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Just Who Was Kentucky Basketball Player Dwight Anderson

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By LARRY VAUGHT

A lot of University of Kentucky basketball fans, especially younger fans, probably don’t know who Dwight Anderson was.

He didn’t play on a national championship team or even a Final Four team at UK. He didn’t make any All-American teams. He didn’t even make it through his sophomore season before transferring to USC over some disciplinary issues.

But when the Dayton, Ohio, star picked Kentucky to play his college basketball, it was a huge deal. The 6-3 guard known as “The Blur” because of his speed averaged a triple-double — 38 points, 14 rebounds and 11 assists per game his senior year — and was the nation’s No. 1 player. In his time, he was as big a deal as Rex Chapman or John Wall. 
He died Saturday at age 59 and it made me remember the first time I met him in person. It was at the 1978 NCAA Tournament when he came to watch the Cats beat Michigan State and a rising star named Earvin “Magic” Johnson. Kentucky went on to win the national title and Anderson was sure he would lead UK to another one.

He had some amazing moments early in his freshman season:

— Anderson scored 17 points in a victory over No. 8 Syracuse.

— The next game was against Notre Dame in Freedom Hall and he got 17 points again but it was his dunk over 6-9 Orlando Woolridge that ignited a 25-11 UK run to win the game that everyone remembered.

— Maybe the game I remember the most is when UK was down 66-60 to No. 5 in Rupp Arena with 31 seconds to go in overtime. Anderson got a layup and on the inbounds pass “faked” a shove from a Kansas player that got called and put him at the foul line. He missed both free throws but got the ball back and got fouled again. This time he made both. On the next inbounds pass, he stole the ball, spotted an open Kyle Macy and Macy hit the 15-footer to tie the game. Kansas called timeout with :03 left in overtime but had no timeouts. Macy hit the technical free throw to win the game and to this day that overtime finish was the loudest I’ve ever heard a Rupp Arena crowd.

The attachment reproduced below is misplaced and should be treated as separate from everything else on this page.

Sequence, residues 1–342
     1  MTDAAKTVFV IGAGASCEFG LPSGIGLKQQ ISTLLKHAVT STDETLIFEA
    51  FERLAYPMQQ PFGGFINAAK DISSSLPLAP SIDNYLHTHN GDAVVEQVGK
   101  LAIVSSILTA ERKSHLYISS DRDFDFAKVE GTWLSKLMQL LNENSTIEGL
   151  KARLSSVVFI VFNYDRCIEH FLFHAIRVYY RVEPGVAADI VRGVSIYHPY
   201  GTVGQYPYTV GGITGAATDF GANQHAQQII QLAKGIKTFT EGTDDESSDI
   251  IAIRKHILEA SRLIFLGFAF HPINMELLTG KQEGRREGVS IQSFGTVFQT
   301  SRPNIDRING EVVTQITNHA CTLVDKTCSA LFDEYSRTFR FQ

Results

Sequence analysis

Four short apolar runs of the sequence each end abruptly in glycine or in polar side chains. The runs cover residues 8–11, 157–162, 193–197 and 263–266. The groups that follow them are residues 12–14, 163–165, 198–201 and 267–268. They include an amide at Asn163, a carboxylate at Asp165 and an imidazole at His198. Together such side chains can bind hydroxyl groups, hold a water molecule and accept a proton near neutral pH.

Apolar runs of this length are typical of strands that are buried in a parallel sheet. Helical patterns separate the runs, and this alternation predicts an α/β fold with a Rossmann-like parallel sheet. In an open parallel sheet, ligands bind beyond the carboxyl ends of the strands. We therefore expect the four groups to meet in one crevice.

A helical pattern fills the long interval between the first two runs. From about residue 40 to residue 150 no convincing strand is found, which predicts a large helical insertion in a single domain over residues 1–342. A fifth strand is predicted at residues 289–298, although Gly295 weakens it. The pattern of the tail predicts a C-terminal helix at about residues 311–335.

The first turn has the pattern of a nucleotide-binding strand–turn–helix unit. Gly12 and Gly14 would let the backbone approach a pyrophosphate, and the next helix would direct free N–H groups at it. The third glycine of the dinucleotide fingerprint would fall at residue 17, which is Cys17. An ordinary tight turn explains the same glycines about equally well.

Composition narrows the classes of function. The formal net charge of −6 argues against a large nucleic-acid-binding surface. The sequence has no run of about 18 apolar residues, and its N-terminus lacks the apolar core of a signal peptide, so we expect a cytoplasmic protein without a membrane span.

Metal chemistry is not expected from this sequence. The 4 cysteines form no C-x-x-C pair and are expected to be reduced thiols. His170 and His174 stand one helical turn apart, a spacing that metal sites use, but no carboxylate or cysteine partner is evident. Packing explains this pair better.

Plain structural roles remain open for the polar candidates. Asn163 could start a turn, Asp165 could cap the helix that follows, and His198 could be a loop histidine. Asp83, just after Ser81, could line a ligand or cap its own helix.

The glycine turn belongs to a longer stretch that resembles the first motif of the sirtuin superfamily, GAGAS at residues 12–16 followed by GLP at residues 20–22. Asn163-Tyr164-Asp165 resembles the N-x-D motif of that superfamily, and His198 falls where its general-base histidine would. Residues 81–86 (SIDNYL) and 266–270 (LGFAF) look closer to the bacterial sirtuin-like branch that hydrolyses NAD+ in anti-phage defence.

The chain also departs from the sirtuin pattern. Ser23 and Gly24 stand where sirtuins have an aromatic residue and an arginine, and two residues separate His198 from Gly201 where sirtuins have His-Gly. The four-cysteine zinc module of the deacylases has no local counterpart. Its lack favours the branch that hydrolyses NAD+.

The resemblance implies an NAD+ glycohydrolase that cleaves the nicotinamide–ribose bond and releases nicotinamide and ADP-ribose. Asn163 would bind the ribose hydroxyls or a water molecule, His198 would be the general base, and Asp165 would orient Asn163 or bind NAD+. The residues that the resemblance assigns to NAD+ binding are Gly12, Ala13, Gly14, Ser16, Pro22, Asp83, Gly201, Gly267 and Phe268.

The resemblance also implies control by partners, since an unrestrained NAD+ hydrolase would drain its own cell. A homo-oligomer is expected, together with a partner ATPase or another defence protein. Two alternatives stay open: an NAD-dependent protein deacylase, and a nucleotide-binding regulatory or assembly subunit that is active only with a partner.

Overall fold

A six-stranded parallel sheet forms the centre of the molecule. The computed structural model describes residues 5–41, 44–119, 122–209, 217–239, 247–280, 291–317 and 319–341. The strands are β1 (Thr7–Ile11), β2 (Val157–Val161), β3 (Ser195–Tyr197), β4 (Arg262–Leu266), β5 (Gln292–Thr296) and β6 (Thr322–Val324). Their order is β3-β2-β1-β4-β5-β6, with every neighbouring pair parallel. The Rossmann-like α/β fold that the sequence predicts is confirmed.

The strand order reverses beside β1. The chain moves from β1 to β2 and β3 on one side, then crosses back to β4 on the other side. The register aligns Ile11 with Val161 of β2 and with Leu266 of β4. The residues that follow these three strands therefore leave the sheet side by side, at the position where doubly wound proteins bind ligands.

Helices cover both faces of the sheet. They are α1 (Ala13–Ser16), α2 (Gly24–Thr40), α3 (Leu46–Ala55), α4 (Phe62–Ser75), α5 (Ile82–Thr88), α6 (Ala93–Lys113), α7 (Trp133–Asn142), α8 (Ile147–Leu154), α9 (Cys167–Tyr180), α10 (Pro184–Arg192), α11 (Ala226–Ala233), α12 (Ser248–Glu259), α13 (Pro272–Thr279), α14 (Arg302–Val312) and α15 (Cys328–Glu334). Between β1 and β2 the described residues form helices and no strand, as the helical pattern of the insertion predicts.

Anderson later had four straight 20-point game — something no other UK freshman did until Alex Poythress duplicated that feat in 2012. Anderson averaged 13 points, a freshman record, and shot 51 percent from the field.

But midway of the sophomore year, he left for USC and said assistant coach Leonard Hamilton “asked” him to transfer. He had a solid career, got drafted but never made it in the NBA due to his drug and alcohol addiction that eventually left him homeless at one time. 

Former UK teammate Dirk Minniefield helped Anderson find the support he needed with John Lucas’ rehabilitation program. John Lucas is a former NBA player and father of new UK assistant coach Jai Lucas. 

Anderson’s road to recovery was featured in a documentary in 2015 — “The Blur: The Dwight Anderson Story.”

Former Cats Pause publisher/owner Oscar Combs posted on Twitter that Anderson is perhaps the “most gifted athlete ever” to play basketball at Kentucky. Those of you too young to have seen him play or remember him probably think that might be a stretch. Those of us who watched him play, though, know Combs could be right. Anderson was just that good.

Larry Vaught
Larry Vaught is a seven-time winner of the Kentucky Sportswriter of the Year award and has covered University of Kentucky sports since 1975. Larry now has a syndicated UK sports column appearing in 34 newspapers across the state as well as http://www.yoursportsedge.com/, and http://www.cameronmillsradio.com/. Larry also joins Mark Buerger and Anthony White on WLAP Sunday Morning Sports each week in Lexington as well as appearing each Tuesday with Tom Leach on The Leach Report.

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